New York Diversity


Rhea Brown, Sophomore Staff Writers

As said by the great Alicia Keys, in the modern masterpiece “Empire State of Mind,” “Concrete jungles where dreams are made of, there’s nothing you can’t do now you’re in New York! These streets will make you feel brand new, big lights will inspire you. Now you’re in New York.” After the recent GIS field trip to the big city, it has been made very clear that on the surface, the Big Apple is in fact all of these things. However, there is one thing that is especially unique to New York. This is the astonishing amount of diversity among its citizens. From Lady Liberty shining above the horizon greeting newcomers, to the streets of Chinatown and Little Italy, it is clear that New York is in fact one of the richest melting pots in all of the United States. In fact, according to Data USA, “3.86M of New York, NY citizens are speakers of a non-English language, which is higher than the national average of 21.6%.”

When reflecting on the sheer amount of cultural diversity in New York, it poses the question; what exactly does this diversity do? In the big city’s case, it truly brings color to the usually industrial, gray environment. After all, NYC is known for being a city built by immigrants assimilating to American culture themselves. This was showcased on Ellis Island, the small island on which millions of people from all around the world have entered America. In the exhibits, all built inside the original immigration center, you can find not just information but personal anecdotes themselves. One of these particularly stuck out. It was the story of a little Italian girl that had to take a mental screening, and was discovered to be extremely intelligent by American doctors despite speaking no English. This is a prime example of the benefits of diversity in action. Diversity allows the formation of new perspectives and creates a deeper understanding of the world around us.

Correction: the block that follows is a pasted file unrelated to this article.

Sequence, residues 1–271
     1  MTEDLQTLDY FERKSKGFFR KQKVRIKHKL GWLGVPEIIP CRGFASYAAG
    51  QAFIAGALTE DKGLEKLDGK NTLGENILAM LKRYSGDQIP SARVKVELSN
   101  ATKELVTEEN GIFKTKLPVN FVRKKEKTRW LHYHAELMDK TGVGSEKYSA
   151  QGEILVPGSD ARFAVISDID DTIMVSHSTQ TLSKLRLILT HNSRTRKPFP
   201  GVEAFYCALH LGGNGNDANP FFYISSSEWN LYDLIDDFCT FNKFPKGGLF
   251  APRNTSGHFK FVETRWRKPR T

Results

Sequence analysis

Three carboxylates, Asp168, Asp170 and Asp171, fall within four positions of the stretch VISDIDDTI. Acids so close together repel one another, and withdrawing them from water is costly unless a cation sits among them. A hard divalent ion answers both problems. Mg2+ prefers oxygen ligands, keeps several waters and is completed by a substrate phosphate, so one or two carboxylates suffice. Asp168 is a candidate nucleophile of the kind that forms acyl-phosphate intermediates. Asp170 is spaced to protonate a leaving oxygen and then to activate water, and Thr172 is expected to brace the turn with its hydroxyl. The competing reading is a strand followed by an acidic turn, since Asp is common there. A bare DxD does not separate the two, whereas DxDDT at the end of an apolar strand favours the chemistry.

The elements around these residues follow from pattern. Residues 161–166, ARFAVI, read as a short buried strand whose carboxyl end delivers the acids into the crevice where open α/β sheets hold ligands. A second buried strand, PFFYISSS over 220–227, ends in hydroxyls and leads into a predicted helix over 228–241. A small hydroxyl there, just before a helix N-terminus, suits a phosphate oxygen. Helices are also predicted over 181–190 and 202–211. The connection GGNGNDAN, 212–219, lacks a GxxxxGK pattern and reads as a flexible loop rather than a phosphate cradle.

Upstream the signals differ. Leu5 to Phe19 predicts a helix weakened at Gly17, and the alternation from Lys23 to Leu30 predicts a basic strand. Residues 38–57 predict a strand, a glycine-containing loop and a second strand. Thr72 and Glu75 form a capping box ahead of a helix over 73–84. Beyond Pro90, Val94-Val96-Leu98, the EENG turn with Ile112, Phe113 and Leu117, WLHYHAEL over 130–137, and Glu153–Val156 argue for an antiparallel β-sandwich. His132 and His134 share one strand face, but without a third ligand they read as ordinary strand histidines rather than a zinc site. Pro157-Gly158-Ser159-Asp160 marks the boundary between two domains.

From the multitude of languages being shouted across the city streets, the little bodegas on every corner, to Chinatown and Little Italy, New York is no ordinary place. We as humans tend to form bubbles around ourselves filled with our own familiarities. Of course, there is nothing wrong with this, but in a place like the city, that bubble is forcibly popped. After experiencing this popping of the bubble firsthand, it has been made very clear that life is much more interesting with diversity, than without.